The Slatest

Texas GOP Chair Suggests Secession After Supreme Court Shoots Down Election Lawsuit

Allen West walks into Trump Tower on December 12, 2016 in New York City.
Allen West walks into Trump Tower on December 12, 2016 in New York City. Spencer Platt/Getty Images

The head of the Texas Republican Party threw what amounts to a tantrum after the Supreme Court decided to shoot down the effort by the state to overturn President-elect Joe Biden’s election victory. Texas GOP chair Allen West issued a statement saying that “perhaps” it’s time for “law-abiding states to bond together and form a Union of states that will abide by the constitution.” Texas Attorney General Ken Paxton had called on the court to overturn the results in Georgia, Michigan, Pennsylvania, and Wisconsin, four states that were key to Biden’s victory. Attorneys general in 17 states and more than 100 Republican members of Congress backed the lawsuit that was shot down by the Supreme Court that said Texas doesn’t have the right to get involved in elections of other states.

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West made his anger clear shortly after the Supreme Court issued its brief order tossing out the lawsuit. The Supreme Court “has decreed that a state can take unconstitutional actions and violate its own election law,” West wrote. “This decision establishes a precedent that says states can violate the US constitution and not be held accountable. This decision will have far-reaching ramifications for the future of our constitutional republic.” West went on to say that the “Texas GOP will always stand for the Constitution and for the rule of law even while others don’t.”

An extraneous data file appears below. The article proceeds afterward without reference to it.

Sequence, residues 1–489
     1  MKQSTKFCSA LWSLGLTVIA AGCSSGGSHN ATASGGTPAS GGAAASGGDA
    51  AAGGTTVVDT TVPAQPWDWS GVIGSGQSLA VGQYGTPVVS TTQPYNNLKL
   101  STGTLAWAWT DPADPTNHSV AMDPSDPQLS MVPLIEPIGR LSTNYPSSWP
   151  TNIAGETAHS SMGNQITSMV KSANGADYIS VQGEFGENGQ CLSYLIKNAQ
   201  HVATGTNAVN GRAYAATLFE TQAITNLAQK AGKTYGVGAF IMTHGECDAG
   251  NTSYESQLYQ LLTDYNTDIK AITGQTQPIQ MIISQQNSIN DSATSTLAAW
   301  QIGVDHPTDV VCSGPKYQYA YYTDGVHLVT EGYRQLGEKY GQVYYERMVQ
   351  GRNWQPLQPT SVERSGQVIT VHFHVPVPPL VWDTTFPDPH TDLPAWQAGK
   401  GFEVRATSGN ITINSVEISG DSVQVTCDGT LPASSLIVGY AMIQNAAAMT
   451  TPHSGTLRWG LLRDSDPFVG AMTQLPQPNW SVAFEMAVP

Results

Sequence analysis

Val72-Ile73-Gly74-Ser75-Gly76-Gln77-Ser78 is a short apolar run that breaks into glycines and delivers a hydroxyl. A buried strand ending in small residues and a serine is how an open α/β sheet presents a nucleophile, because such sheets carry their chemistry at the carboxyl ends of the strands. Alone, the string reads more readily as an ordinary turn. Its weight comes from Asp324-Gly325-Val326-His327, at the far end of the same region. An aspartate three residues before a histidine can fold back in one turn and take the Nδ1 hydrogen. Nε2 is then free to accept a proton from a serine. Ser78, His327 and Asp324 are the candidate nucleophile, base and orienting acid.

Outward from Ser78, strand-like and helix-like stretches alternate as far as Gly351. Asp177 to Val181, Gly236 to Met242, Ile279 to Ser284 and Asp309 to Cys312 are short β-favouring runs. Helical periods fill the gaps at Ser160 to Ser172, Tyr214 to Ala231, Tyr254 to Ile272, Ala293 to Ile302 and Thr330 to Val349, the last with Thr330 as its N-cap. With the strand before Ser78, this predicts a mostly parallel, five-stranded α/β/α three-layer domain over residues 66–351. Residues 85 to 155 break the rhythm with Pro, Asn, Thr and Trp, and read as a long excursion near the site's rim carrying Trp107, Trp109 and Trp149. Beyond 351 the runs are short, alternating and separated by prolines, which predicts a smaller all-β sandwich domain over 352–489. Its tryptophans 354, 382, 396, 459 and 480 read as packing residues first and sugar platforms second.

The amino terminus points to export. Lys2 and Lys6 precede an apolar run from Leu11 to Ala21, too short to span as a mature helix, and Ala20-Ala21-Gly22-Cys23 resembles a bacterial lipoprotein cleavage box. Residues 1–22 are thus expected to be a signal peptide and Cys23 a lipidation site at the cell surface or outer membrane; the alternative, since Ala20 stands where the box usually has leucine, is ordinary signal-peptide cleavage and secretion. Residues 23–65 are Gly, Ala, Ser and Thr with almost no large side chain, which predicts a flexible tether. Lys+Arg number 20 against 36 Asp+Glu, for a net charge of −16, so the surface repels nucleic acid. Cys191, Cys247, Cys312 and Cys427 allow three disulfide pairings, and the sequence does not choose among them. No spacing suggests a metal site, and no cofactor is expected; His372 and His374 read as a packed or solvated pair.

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Many were quick to criticize West for his suggestion as several pointed out that secession would, in fact, violate the Constitution. GOP Rep. Adam Kinzinger, who frequently criticizes Trump, called on the Texas GOP to “immediately retract” its statement, “apologize, and fire Allen West.” Democratic Sen. Brian Schatz from Hawaii said the statement showed how members of the Texas Republican Party “have lost their minds.”

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Even though some immediately decried the suggestion as crazy, the truth is talk of secession has been making the rounds in conservative circles recently. Earlier this week, Rush Limbaugh said the country is “trending toward secession” as he answered a caller’s question about whether conservatives will ever dominate U.S. culture again. “It can’t go on this way,” Limbaugh said, according to Media Matters. “There cannot be a peaceful coexistence of two completely different theories of life, theories of government, theories of how we manage our affairs. We can’t be in this dire a conflict without something giving somewhere along the way.” And in a Facebook post on Tuesday, a Texas state lawmaker said he planned to propose a referendum for the state to secede from the United States. “The federal government is out of control and does not represent the values of Texans,” State Rep. Kyle Biedermann wrote. “That is why I am committing to file legislation this session that will allow a referendum to give Texans a vote for the State of Texas to reassert its status as an independent nation.”

President Donald Trump also joined the critics as he took to Twitter to blast the Supreme Court for its decision. “The Supreme Court really let us down,” he wrote late Friday night. He continued with the criticism Saturday morning. “This is a great and disgraceful miscarriage of justice,” Trump tweeted.

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